Archaeologists excavating the ancient Thimbiriya Raja Maha Vihara at Medagama in Uva Wellassa have discovered 160 old Dutch coins, rings made of copper, glass beads and some clay urns, according to Director General Archaeology Dr. Senarath Dissanayake.
The finds belonging to different periods of the country’s past indicated that the temple in the remote Wellassa area had links with maritime and other provinces of the country in ancient times, Dr Dissanayake said.
The excavations have yielded evidence which established the fact that the temple had been built during the first half of the Anuradhapura Period, Dr Dissanayake said. “This fact is confirmed by the finding of a Chatra Gala, a circular stone slab used as an umbrella shade for the stupa, near the stupa of the temple. Excavators have also unearthed ruins of several constructions made during the Anuradhapura Period.”
During the first half of this year archaeologists of the Department had begun excavations at the Thimbiriya Raja Maha Vihara. Their objective was to remove embellishments and additions made during the later days and uncover the original stupa belonging to the Anuradhapura Period, Dr Dissanayake said.
“The ancient temple has a Dharma Shalawa (Preaching Hall), Pratima Gruha (Image House) and several other yet to be identified buildings. It seems that the site was a thriving monastery during the ancient times giving shelter to hundreds of bhikkhus. The image house was renovated during the Kandyan Period as evident from some architectural features. There are many sculptures, carvings and paintings belonging to the Kandyan Period in the image house.”
Dr. Dissanayake said that some scholars had opined that there was a reference to the Thimbiriya Temple in the Saddharamalankaraya, a Sinhala translation of Pali text called Rasavahini compiled in the 14th Century. According to the scholars, the textual reference, ‘Girithimbila Tissa Pabbataramaya’ found in the Saddharamalankaraya is about the Thimbiriya Raja Maha Vihara. There is also a folktale that the temple was built by the King Lajjitissa (119-109 BC), the son of King Saddhatissa.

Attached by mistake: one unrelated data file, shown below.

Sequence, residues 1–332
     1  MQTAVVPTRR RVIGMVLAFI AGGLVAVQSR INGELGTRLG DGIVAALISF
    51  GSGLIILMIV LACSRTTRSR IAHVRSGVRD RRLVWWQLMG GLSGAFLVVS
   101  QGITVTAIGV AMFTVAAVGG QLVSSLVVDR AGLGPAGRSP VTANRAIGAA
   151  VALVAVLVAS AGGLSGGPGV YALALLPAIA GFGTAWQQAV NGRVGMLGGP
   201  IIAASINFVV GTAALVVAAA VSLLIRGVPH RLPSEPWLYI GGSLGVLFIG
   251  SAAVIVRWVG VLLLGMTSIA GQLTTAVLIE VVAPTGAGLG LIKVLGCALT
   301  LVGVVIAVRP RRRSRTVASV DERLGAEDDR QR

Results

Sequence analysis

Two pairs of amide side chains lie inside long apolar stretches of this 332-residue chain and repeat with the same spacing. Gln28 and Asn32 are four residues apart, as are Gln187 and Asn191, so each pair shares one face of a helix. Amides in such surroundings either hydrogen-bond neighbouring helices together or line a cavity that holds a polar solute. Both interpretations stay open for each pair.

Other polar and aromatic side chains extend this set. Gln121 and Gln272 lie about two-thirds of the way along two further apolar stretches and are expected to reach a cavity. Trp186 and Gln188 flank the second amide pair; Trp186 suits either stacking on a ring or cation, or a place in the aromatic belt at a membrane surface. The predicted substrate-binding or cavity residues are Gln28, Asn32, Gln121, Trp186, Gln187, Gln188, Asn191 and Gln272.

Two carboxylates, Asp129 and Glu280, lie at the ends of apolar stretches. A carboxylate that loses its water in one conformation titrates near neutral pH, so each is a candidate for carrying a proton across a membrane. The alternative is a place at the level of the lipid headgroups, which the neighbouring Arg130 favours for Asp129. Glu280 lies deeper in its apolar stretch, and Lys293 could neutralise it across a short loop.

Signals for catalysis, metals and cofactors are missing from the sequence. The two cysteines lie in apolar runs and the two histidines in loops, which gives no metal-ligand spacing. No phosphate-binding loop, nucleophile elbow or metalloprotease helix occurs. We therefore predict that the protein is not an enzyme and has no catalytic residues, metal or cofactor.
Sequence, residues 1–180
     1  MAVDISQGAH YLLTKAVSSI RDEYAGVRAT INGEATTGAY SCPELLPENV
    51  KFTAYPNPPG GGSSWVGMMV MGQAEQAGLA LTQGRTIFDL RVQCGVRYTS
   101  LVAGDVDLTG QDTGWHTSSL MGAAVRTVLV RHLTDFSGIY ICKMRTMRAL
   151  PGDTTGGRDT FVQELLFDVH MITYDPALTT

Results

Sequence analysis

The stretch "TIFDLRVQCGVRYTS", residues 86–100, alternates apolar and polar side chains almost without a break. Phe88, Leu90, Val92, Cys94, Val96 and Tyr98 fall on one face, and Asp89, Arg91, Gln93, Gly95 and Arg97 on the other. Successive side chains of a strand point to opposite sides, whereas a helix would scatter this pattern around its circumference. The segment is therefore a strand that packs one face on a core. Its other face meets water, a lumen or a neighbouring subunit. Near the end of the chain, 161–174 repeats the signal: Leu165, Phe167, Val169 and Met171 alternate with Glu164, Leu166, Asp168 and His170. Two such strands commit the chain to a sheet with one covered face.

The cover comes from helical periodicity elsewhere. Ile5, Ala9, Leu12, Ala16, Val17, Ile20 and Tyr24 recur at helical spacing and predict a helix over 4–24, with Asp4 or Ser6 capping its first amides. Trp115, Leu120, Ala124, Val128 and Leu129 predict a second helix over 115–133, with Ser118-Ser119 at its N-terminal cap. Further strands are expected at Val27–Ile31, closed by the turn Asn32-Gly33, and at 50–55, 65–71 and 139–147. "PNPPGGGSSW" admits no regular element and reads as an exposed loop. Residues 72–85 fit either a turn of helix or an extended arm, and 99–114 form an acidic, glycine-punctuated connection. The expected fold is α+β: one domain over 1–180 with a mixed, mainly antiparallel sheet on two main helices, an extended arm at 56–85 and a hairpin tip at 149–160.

There is also a belief that this temple was built by King Devanampiyatissa (250-210 BC). The Mahawansa, the great chronical of the Sinhalese has recorded that the Thimbiriya Rajamaha Vihara was one of the 66 temples built by the king at regular intervals from Anuradhapura to the Ruhuna after he embraced Buddhism.
It is said that King Dutugemunu’s army that marched against the Cholas who ruled in Anuradhapura camped in this area and wanted a place for him and his army to carry out religious activities. Here he built the Malwessa Stupa for this purpose. The king, who paid royal patronage to the temple after defeating the Chola King Elara bringing the country under a single rule, offered this stupa and the the yield of the paddy fields in the surrounding area to the temple. History has recorded that Walagamaba and Nissankamalla were other Sinhala kings who often visited the temple. The last king to visit the temple was Kirthi Sri Rajasingha.
Thimbiriya Rajamaha Viharaya was the nerve center of the 1818 Rebellion against British rule. After suppressing the rebellion, the British ruthlessly destroyed this 2000 year old temple including the Malwessa Stupa which was built by the King Dutugemunu. They then arrested all Buddhist monks in the temple and were executed in Jaffna.
The Malwessa Stupa was partially restored around 1989 and again being restored in 2017.
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Map of Thimbiriya Rajamaha Viharaya
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Travel Directions to Thimbiriya Rajamaha Viharaya
Route from Monaragala to Thimbiriya Rajamaha Viharaya
|Distance : 23 km|
Travel time : 30 minutes
Driving directions : see on google map